In today’s episode, Jeremy talks about one of the most debated issues ever since, how much do size and strength matter in Martial Arts?
How Much Do Size and Strength Matter in Martial Arts – Episode 419
Do bigger and stronger people always win in combat? Or other factors make a difference like speed and agility? Does it matter in training? We can also factor in mass and muscle and other contributors as well. In this episode, Jeremy shares his personal experiences as he tries to answer these questions and discusses how much both size and strength matter in martial arts.
You can read the transcript below or download here.
Hi there welcome, this is whistlekick martial arts radio Episode 419. Today, were talking about the impact that size and strength can have on martial arts and combat. Maybe you’re new to the show, maybe you don’t know what we do, so here’s what we do. Twice a week we release a free episode of martial arts radio. On Mondays we bring you an interview with a martial artist, sometimes it’s a prominent person sometimes it’s someone that you might find training in your own school, maybe it is someone from your own school. And then on Thursdays we bring you a topic driven show, something like this where we explore a question or an idea sometimes we do that with a person and sometimes like today it’s just me. Now, if you want to get the most out of each and every episode you should head on over to whistlekickmartialartsradio.com not only can you find all of the other 418 episodes available, you can get photos and videos and links to the guests, you can find show notes, you can even find a transcript. You can also find a link to whistlekick.com and at whistlekick.com you can sign up for the newsletter, you can find the other things were involved in all to the benefit of the martial arts and you can even shop at our online store. We have uniforms, we have apparel, we have protective equipment. And if you use the code podcast15, you can get 15% off anything you find over there.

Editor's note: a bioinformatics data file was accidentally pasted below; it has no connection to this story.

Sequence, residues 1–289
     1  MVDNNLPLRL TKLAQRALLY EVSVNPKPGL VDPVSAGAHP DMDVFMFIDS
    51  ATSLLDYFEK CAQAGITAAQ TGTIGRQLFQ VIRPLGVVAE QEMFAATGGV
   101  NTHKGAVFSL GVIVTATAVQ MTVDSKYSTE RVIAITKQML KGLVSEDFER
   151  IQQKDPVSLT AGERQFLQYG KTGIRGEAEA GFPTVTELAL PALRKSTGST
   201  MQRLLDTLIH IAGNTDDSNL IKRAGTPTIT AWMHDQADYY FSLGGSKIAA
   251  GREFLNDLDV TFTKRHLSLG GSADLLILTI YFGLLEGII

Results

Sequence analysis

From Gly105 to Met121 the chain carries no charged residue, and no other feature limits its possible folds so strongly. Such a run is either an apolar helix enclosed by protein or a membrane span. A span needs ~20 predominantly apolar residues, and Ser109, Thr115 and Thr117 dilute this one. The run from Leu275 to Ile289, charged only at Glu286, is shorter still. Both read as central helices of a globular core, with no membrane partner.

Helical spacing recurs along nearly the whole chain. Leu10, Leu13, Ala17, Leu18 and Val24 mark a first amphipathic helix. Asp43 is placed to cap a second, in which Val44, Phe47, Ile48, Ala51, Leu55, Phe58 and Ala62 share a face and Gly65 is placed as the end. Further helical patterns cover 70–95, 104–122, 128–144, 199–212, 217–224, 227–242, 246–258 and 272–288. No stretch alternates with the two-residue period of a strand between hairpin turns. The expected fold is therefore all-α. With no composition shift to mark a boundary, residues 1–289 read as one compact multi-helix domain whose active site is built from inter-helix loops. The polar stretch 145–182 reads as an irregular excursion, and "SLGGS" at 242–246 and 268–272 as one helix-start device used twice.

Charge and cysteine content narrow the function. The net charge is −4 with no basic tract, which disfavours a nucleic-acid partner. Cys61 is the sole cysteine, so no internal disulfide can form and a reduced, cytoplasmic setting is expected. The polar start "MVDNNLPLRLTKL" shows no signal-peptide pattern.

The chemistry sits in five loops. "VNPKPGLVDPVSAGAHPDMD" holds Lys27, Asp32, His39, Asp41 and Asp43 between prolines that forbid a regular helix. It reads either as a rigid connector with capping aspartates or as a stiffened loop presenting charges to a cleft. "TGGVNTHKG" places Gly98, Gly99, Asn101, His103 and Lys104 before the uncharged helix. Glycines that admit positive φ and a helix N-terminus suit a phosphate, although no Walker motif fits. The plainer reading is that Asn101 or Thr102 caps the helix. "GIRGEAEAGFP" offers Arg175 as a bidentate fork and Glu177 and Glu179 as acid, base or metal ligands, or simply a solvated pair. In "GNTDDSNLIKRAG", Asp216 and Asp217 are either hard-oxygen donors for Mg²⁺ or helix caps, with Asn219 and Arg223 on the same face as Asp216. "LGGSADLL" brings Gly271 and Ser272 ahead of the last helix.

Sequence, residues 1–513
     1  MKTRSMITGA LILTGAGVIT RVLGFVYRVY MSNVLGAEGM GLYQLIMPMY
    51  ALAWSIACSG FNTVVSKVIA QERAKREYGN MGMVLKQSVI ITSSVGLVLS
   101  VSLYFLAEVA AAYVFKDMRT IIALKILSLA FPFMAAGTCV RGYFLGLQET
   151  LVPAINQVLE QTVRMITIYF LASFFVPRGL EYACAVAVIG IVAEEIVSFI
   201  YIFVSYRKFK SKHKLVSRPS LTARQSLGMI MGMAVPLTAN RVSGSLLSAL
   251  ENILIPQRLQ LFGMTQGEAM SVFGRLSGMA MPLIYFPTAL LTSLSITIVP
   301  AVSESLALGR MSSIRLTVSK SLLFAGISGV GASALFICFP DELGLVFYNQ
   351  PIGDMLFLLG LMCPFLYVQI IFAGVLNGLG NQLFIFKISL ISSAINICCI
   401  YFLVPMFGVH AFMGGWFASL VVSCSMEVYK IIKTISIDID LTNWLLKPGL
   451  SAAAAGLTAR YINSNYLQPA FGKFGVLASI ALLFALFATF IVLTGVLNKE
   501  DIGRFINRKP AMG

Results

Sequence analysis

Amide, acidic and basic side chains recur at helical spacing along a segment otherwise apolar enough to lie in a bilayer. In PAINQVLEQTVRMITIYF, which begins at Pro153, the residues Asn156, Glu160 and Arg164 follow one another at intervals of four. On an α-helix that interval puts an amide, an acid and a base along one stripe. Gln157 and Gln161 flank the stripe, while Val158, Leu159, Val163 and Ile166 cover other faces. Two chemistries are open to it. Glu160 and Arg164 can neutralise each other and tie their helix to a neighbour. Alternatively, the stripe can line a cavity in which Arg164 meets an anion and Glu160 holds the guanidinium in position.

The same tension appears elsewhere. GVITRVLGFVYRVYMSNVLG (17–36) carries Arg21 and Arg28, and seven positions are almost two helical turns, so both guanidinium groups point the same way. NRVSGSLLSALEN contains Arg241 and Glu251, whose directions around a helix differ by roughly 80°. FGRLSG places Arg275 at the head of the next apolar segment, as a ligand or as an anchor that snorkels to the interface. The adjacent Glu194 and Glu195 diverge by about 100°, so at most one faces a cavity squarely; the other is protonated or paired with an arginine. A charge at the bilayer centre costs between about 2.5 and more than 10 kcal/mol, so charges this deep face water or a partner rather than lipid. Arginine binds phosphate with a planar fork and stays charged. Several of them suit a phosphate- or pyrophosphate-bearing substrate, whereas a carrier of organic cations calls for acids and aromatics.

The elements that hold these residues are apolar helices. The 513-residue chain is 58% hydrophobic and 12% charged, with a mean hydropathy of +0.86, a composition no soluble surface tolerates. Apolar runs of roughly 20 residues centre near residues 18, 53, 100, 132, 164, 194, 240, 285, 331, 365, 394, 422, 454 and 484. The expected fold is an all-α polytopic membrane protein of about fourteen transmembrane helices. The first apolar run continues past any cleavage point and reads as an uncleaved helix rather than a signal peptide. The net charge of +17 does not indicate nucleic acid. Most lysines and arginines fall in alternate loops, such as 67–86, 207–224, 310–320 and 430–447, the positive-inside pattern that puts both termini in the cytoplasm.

Let’s dig into today’s topic. There are a few debates that pop up now and again among martial artist. And one of them is on how big of an impact being larger or stronger will make in a fight. Now there are two ways that I could do this episode, I could simply say, yes, if you’re bigger and stronger you’re probably can have an easier time in a fight and then I could just sign off. But it’s a more nuanced conversation than that. I don’t think there’s anyone out there that would suggest being weaker or smaller is an advantage. Now it’s not automatically going to guarantee victory, a win if you’re bigger and stronger but it doesn’t hurt. Now first let me dispel a few myths. When people talk about the pros and cons of being bigger and stronger, a lot of people like to say that when you are stronger you get slower and that is not necessarily true. There’s a myth that came out of the bodybuilding world that has been perpetuated and found its way in the martial arts that bigger people are slower. They can be, maybe even often are but they don’t have to be and if you want proof go watch some of the best heavyweight boxers in the world. Those guys are big, they’re strong and they’re incredibly fast. If you want to see something incredibly scary, go online and look for YouTube footage of Mike Tyson at age 18 doing pad work, I’ve seen a couple of these videos and they are frightening. That was a man who had speed and strength and skill. But that’s not were talking about today were talking about simply the size aspect and the strength aspect that can accompany size. When we talk about someone being bigger, there are two different ways we can define that, we could talk about height and reach, you know that the person generally being a taller or longer individual, and we can also talk about just physical stature, weight, the person being a bigger person. And both of those have an impact, of course if you’re taller, if you have more reach you can inflict damage or block or do whatever you need to do in a larger circle than if you are smaller. While I’m not a terribly tall individual, I do remember that as I got older, as I grew I found certain things easier that when I was smaller. When you look at professional fighting, they indicate reach, the length of the arms as being a very relevant statistic and people with reach do have an advantage. If your opponent can hit you and you can’t hit them back, that’s pre-solid check in that column for them isn’t it? But let’s talk about weight let’s talk about that physical stature. The downside in being bigger and carrying more weight is that it takes more energy to move that around. You are going to expend more calories, you’re going to get more tired moving around as a bigger person. And that’s why when we tend to watch MMA, or professional fighting of any kind, in most divisions people will slim down as much as they can to stay within the weight class that they’re competing in, because there is very little advantage in carrying around a bunch of fat but there is plenty of advantage in carrying muscle.